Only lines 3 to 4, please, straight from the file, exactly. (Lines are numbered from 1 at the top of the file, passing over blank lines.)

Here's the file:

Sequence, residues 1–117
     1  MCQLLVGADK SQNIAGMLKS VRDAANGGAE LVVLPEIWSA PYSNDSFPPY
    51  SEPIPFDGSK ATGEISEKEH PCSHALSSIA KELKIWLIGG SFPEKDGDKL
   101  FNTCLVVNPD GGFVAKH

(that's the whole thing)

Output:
    51  SEPIPFDGSK ATGEISEKEH PCSHALSSIA KELKIWLIGG SFPEKDGDKL
   101  FNTCLVVNPD GGFVAKH